3. Antonio, J., Kalman, D., Stout, J., Greenwood, M., Willoughby, D. and Haff, G. (2014). Essentials of sports nutrition and supplements. [NY]: Humana Press.
  4. Kreider RB, Kalman DS, Antonio J, Ziedenfuss TN, Wildman R, Collins R…. Lopez H. (2017). International Society of Sports Nutrition position stand: safety and efficacy of creatine supplementation in exercise, sport, and medicine. Journal of the International Society of Sports Nutrition. 14:18
  5. Nunes JP, Ribeiro AS, Schoenfeld BJ, Tomeleri CM, Avelar A, Trindade MC, Nabucco HC..Cyrino ES. (2017). Creatine supplementation elicits greater muscle hypertrophy in upper than lower limbs and trunk in resistance-trained men. Nutr Health. Dec;23(4):223-229
  6. Burke DG, Candow DG, Chilibeck PD, MacNeil LG, Roy BD, Tarnopolsky MA, Ziegenfuss T: Effect of creatine supplementation and resistance-exercise training on muscle insulin-like growth factor in young adults. Int J Sport Nutr Exerc Metab 2008, 18:389–398.
  7. Rawson ES, Volek JS. (2003). Effects of creatine supplementation and resistance training on muscle strength and weightlifting performance. J Strength Cond Res. Nov;17(4):822-31
  8. Mujika I, Padilla S, Ibanez J, Izquierdo M, Gorostiaga E. Creatine supplementation and sprint performance in soccer players. Med Sci Sports Exerc 2000;32:518-525.
  9. Vandenberghe M, Goris P, Van Hecke M Van Leemputte L, Hespel P. (1997). Long term creatine intake is beneficial to muscle performance during resistance training. J Appl Physiol. Dec;83(6):2055-63.
  10. MacDougall JD, Ray S, Sale DG, McCartney N, Lee P, Gamer S. (1999) Muscle substrate utilization and lactate production during weightlifting. Can J Appl Physiol 1999; 24(3):209-215.
  11. Santos, R., Bassit, R., Caperuto, E. and Costa Rosa, L. (2004). The effect of creatine supplementation upon inflammatory and muscle soreness markers after a 30km race.Life Sciences, 75(16), pp.1917-1924.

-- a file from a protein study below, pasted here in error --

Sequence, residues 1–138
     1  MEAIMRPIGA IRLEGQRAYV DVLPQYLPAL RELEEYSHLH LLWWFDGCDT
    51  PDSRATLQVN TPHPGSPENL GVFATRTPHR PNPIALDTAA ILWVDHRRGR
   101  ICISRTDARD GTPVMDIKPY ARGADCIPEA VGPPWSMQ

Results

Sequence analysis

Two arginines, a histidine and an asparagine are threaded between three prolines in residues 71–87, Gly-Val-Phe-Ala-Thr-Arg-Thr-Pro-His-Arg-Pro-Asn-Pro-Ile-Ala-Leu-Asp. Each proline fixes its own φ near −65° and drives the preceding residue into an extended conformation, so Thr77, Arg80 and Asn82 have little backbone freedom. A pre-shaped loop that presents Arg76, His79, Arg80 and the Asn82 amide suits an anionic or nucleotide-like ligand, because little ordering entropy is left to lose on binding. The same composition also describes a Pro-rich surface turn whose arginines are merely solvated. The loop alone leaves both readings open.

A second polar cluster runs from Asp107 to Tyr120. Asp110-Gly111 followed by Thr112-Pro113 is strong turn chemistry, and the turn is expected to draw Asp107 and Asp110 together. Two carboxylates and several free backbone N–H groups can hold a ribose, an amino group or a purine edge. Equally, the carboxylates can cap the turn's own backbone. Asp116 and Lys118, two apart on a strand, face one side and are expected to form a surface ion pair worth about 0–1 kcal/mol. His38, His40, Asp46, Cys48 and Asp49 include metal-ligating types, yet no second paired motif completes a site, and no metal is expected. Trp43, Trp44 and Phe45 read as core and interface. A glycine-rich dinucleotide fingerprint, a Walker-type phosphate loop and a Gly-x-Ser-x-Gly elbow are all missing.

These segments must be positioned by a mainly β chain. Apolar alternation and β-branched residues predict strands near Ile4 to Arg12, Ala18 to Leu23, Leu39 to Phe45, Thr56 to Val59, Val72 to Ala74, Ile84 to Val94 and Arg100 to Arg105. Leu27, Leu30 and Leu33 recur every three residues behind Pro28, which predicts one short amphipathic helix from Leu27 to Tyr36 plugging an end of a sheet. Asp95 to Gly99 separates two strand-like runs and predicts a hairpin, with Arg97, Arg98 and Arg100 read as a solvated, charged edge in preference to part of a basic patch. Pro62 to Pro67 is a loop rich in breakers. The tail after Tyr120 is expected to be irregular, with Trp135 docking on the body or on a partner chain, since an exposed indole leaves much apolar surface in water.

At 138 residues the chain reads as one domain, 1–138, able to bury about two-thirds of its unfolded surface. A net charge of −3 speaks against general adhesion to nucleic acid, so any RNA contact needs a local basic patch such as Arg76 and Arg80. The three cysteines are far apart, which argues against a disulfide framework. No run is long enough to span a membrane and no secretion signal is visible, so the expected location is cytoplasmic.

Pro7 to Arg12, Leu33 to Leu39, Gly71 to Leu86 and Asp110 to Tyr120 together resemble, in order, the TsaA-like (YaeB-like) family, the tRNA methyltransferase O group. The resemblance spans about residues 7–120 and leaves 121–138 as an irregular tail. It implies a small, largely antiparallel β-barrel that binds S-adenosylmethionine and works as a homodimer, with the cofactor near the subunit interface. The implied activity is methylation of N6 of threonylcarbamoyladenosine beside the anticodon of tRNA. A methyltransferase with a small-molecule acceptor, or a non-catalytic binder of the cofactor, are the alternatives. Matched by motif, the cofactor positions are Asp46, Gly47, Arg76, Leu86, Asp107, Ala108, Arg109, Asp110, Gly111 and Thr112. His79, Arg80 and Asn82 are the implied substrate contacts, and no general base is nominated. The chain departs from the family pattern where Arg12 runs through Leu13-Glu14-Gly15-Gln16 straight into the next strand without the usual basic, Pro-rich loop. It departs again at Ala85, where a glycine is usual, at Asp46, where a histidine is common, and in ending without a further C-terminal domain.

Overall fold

12. Volek, J., Ratamess, N., Rubin, M., Gomez, A., French, D., McGuigan, M., Scheett, T., Sharman, M., Hokkinen, K. and Kraemer, W. (2004). The effects of creatine supplementation on muscular performance and body composition responses to short-term resistance training overreaching.European Journal of Applied Physiology, 91(5-6), pp.628-637.
  13. Volek JS, Kraemer WJ, Bush JA, Boetes M, Incledon T, Clark KL, Lynch JM: Creatine supplementation enhances muscular performance during high-intensity resistance exercise. J Am Diet Assoc 97: 765– 770, 1997
  14. Bird SP. (2003) Creatine supplementation and exercise performance: A brief review. J Sports Sci Med. 2(4): 123-132.
  15. Kreider RB. (2003. Effects of creatine supplementation on performance and training adaptations. Mol Cell Biochem. 2003;244(1–2):89–94.


Liam Agnew

Liam Agnew

Sport and Performance Nutritionist

Liam is a certified sport nutritionist with the International Society of Sport Nutrition and is enrolled on the British Dietetics Association’s Sport and Exercise Nutrition register. He has a Bachelor’s of Science in Sport and Exercise Science and is graduate of the ISSN Diploma in Applied Sport and Exercise Nutrition.

Liam is an experienced personal trainer, helping clients reach their health and fitness goals with practical, evidence informed exercise and nutrition advice. In his spare time Liam has competed in numerous powerlifting competitions and enjoys hill walking, football and expanding his recipe repertoire in the kitchen.

Find out more about Liam's experience here.